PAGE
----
Silver Lake Operations # 1, Lake Lefroy, Western Australia, 2007. Photograph, 39 x 49 in. Photo © Edward Burtynsky, courtesy Nicholas Metivier, Toronto / Howard Greenberg & Bryce Wolkowitz, New York
The large scale colour photographs by Burtynsky document the many facets of nature like they are transformed by human industry. Industrial processes such as shipbuilding (in China) and shipbreaking (in Bangladesh) are presented as highly expressive visions where beauty is found in the most unlikely of places.
The images by Burtynsky (born 1955 in St. Catharines, Ontario) are metaphors of the dilemma of our modern existence. We are drawn by the desire for prosperity and a good comfortable life, yet we all know that the world suffers to meet those demands. Our dependence on nature to provide us with the materials for our consumption, in contrast to our concern for the health of our planet, sets us into the uneasy contradiction that feeds the dialogue in the images by Burtynsky between attraction and repulsion, seduction and fear. This contradiction is absolutely intended, as the artist insists that he is not celebrating nor condemning anything; neither industrialization nor the impact of civilization on the environment. Edward Burtynsky shows exceptional talent with his constant attention to composition and light, always presenting images with a painters eye for colour and a sculptors feel of form.
His photographs are included in the collections of 15 major museums around the world, including the Museum of Modern Art and the Guggenheim Museum in New York, the National Gallery of Canada, and the Biblioteque National in Paris. Edward Burtynsky is established as one of Canadas most respected contemporary photographers. In June 2006 he was appointed to the Order of Canada, Canadas highest civilian honour, recognizing lifetime achievement.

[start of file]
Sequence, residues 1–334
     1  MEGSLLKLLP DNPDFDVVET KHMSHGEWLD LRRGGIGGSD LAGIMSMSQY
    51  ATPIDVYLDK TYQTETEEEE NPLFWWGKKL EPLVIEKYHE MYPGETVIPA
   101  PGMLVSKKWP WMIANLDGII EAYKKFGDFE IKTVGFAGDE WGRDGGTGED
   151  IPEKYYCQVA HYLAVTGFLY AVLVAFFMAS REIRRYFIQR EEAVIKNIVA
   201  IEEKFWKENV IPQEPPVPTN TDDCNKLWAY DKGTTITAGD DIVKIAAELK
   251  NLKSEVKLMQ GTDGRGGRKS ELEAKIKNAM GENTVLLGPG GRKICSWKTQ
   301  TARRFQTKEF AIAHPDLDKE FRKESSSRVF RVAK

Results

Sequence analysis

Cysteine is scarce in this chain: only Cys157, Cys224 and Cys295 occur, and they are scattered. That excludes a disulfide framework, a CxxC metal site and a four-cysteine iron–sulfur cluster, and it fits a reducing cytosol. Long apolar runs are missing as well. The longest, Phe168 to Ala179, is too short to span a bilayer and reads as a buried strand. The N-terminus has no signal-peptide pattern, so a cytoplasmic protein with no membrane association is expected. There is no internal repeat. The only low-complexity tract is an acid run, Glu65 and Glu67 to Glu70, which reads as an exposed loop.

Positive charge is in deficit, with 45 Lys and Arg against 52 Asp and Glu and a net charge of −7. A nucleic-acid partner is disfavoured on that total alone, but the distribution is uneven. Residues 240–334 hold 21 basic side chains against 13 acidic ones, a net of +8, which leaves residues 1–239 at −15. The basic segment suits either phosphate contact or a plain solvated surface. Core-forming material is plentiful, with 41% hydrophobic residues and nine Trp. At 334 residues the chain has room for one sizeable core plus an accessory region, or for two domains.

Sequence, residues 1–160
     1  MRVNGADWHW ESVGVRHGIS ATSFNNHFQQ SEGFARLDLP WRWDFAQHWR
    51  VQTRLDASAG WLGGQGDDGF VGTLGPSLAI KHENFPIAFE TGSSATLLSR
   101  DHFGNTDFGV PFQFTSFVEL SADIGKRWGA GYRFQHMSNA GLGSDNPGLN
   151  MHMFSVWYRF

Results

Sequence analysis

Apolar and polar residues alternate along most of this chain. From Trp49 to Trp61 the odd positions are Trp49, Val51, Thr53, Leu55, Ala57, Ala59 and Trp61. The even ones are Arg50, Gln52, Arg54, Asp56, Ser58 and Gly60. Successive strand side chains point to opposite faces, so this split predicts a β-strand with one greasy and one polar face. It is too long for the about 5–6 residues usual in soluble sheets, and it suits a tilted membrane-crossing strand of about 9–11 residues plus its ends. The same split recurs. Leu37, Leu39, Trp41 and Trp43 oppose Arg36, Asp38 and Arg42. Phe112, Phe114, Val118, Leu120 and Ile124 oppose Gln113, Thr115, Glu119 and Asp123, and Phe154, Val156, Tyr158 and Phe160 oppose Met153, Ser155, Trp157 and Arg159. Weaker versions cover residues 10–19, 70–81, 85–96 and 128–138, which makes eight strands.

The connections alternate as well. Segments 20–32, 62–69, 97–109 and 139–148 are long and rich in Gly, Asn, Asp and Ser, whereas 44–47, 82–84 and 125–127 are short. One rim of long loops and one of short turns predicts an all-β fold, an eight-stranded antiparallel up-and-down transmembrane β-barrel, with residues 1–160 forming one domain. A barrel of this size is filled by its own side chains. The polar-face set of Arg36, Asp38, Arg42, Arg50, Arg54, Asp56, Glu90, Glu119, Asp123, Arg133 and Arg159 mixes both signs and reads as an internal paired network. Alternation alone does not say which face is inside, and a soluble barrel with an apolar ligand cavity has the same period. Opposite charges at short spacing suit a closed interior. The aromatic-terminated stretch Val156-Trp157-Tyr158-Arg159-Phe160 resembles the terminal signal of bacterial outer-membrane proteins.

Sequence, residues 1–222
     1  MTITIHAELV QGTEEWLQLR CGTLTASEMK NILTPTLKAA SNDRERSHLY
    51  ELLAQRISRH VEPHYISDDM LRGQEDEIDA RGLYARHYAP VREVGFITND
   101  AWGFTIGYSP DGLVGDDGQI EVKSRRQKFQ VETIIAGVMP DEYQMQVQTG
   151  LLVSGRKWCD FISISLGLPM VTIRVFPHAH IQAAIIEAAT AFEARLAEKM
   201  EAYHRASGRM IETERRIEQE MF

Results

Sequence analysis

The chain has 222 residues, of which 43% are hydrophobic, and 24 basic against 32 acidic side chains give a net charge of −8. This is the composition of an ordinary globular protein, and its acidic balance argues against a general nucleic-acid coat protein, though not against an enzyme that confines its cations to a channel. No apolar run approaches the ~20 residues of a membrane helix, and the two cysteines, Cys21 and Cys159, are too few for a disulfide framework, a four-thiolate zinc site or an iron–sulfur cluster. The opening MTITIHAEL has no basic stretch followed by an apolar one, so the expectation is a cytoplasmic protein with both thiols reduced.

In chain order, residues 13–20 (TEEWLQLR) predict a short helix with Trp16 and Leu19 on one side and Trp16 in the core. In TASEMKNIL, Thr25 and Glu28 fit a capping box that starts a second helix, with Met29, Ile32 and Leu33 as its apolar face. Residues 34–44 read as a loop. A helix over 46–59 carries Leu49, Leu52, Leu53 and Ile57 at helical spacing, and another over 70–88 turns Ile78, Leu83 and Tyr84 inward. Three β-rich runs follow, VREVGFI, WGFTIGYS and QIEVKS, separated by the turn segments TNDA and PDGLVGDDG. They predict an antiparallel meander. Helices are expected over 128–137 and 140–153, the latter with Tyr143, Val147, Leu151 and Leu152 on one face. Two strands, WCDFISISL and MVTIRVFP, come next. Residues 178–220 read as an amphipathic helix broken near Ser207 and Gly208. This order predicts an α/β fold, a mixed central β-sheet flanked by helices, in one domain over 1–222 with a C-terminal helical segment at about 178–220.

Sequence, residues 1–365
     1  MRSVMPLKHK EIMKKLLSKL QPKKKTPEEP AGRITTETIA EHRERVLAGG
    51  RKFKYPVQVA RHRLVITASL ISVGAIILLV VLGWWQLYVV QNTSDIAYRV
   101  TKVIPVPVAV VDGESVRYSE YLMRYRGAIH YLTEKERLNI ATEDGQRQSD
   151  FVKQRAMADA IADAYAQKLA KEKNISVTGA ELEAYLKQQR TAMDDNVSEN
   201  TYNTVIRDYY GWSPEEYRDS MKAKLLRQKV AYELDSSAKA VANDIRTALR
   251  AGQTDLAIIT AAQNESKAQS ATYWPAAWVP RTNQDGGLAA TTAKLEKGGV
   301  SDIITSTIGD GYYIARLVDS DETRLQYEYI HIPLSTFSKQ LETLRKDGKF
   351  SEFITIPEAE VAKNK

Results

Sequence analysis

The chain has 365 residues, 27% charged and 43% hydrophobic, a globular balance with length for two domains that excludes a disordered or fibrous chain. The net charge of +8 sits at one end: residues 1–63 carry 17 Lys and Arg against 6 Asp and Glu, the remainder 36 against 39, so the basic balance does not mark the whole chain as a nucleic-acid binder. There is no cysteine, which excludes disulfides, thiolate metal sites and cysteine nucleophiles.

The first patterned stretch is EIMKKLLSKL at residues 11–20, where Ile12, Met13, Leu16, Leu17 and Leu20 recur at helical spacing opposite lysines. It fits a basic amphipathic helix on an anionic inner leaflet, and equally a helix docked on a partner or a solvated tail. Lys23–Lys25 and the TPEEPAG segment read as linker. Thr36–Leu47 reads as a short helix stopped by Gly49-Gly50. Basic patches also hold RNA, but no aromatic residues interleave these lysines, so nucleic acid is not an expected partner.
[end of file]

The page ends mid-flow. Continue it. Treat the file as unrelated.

Nickel Tailings No. 30, Sudbury, Ontario, Canada, 1996. Digital chromogenic color print, 38 1/2 x 60 in. © Courtesy of the artist, Edward Burtynsky
Canadian photographer Edward Burtynsky is fascinated by the subject of the topographical landscape as it has been irrevocably altered by industries that feed the world’s appetite for material goods. Burtynsky finds both beauty and repulsiveness in his depictions of mining, manufacturing, consumption, waste disposal and recycling. Rather than simply decry the human scarring of the land, he acknowledges the conflict between the human need for economic growth and the value of protecting our fragile ecosystem. The 15 photographs in this exhibition show the beauty and ugliness of landscapes that have been altered by human industry.
Manufacturing #17, Deda Chicken Processing Plant, Dehui City, Jilin Province, 2005. Digital chromogenic color print, 40 x 60 in. © Courtesy of the artist, Edward Burtynsky
Photos et vignette © Edward Burtynsky